Hannah Gadsby exhibition “It’s Pablo-matic” riles critics

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Hannah Gadsby made international waves with their unique Netflix stand-up/storytelling hybrid Nanette back in 2018, digging into their history as a comedian, their studies of art history, and the rampant walls of patriarchal hate and violence that surrounded them. Hot on the heels of their most recent special, Something Special, Gadsby has partnered with the Brooklyn Museum to present It’s Pablo-matic: Picasso According to Hannah Gadsby, an exhibition following the thread they’ve pulled throughout their career on bringing to public light the icon’s misogynistic fervour.


Gadsby rocketed to international acclaim with their uncompromising and sincere voice, telling of their experience as an artist, art historian, and human within cishet male-dominated spaces in Nanette. They followed this success up with another special, Douglas, as well as a TED Talk, both further expanding on prior thematic concepts and diving into their adulthood diagnosis of autism.


In Gadsby’s ongoing discussions of chauvinistic paradigms within the art world and its history, Pablo Picasso crops up as a recurrent figure of ire. An entirely fair target, given the now much more widespread awareness of the cubist’s disdain for women. Through It’s Pablo-matic, Gadsby and the Brooklyn Museum aim to bring together Picasso’s works alongside female artists across the 20th and 21st centuries to examine “the artist’s complicated legacy through a critical, contemporary, and feminist lens, even as it acknowledges his work’s transformative power and lasting influence.”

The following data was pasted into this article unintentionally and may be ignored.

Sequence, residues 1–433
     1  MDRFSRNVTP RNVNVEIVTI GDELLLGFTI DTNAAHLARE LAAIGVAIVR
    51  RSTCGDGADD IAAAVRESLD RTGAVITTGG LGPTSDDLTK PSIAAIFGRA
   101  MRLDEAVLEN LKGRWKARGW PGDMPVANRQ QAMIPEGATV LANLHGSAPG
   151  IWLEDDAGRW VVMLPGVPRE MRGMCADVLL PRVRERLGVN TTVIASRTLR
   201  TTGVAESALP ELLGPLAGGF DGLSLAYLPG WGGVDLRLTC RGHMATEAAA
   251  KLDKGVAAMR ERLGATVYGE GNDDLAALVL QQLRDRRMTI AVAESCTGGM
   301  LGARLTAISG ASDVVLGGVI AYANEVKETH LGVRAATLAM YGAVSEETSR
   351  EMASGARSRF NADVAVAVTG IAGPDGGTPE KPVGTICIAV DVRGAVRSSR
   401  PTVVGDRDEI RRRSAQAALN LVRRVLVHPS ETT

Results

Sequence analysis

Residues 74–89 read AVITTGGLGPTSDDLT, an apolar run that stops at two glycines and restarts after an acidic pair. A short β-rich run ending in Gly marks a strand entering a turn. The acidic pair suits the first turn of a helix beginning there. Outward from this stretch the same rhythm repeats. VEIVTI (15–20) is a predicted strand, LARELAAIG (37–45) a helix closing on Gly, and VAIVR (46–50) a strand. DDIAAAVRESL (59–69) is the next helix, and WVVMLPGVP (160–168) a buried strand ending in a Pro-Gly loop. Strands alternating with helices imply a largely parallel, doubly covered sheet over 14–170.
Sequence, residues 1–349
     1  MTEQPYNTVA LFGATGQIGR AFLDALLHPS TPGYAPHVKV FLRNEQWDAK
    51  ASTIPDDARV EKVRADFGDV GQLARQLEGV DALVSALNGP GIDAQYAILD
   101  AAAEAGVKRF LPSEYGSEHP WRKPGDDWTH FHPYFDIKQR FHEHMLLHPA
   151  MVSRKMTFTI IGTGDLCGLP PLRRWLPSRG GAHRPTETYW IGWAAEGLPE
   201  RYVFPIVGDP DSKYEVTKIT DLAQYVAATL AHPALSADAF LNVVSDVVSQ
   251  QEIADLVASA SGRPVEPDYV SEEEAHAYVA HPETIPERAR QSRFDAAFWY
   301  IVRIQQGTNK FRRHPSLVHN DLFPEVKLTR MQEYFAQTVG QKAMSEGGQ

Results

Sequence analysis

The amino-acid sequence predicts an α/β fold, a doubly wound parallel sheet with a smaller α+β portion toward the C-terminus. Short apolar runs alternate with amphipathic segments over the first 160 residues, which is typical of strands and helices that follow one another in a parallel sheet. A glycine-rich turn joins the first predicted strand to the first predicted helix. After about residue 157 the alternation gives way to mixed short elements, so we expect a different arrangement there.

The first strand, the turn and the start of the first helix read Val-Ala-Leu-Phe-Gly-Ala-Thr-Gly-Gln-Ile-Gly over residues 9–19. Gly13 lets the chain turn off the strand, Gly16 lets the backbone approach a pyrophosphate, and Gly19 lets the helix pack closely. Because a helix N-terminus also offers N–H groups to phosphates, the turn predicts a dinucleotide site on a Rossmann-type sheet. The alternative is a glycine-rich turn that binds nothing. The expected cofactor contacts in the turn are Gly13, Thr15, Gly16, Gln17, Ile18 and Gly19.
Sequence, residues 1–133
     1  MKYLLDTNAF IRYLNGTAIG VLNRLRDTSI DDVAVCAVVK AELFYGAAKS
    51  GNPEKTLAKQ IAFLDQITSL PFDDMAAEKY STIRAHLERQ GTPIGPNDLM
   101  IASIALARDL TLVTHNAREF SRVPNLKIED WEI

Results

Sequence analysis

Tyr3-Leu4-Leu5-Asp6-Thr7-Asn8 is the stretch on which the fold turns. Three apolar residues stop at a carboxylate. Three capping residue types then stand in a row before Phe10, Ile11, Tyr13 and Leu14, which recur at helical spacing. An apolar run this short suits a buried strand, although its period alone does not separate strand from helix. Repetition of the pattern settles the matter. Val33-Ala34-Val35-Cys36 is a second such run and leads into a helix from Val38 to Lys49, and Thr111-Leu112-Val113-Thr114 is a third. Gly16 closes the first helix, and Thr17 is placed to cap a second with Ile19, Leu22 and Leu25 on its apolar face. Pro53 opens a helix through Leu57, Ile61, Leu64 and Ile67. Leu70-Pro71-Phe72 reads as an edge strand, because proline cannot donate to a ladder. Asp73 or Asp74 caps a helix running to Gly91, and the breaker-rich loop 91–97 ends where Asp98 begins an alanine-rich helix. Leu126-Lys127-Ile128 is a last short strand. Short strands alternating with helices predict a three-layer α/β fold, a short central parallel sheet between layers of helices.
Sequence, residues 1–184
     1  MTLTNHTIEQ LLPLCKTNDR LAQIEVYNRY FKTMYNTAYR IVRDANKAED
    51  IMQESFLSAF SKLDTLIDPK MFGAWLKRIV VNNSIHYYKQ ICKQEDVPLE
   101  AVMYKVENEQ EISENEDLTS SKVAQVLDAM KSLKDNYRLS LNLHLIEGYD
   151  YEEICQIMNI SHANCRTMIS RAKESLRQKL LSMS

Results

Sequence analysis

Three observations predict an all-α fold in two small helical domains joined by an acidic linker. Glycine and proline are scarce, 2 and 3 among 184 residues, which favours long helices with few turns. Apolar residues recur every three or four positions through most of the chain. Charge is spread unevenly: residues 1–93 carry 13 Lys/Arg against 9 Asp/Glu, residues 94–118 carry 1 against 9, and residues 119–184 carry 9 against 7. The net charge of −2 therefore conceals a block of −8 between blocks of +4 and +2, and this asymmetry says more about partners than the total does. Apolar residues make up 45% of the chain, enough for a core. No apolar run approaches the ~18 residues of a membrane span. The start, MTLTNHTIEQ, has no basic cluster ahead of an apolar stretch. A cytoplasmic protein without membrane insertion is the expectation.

The exhibition, which opened June 2nd and runs till September 24th, hosts this myriad of works—which includes Cecily Brown, Renee Cox, Käthe Kollwitz, and Dindga McCannon, among others—alongside a guided audio tour by Gadsby that lampoons Picasso (or as they seem fond to call him, “PP”) and aims to give the insight of this shifting perspective on the figure’s legacy.


Already, the exhibition seems to have become divisive amongst critics. Some, including ARTnews, believe the endeavour to have missed its own point through a lack of representative works from women that emerged alongside Picasso, instead largely still maintaining the focus on his own work, while an NYT critic seemed more irate. But the Brooklyn Museum has held its stance on the importance of It’s Pablo-matic, with museum director Anne Pasternak writing to Art Newspaper: “To those who question whether Gadsby’s voice belongs in this exhibit, I would simply ask: Whose interests are threatened by including it? Or, who benefits from excluding it?”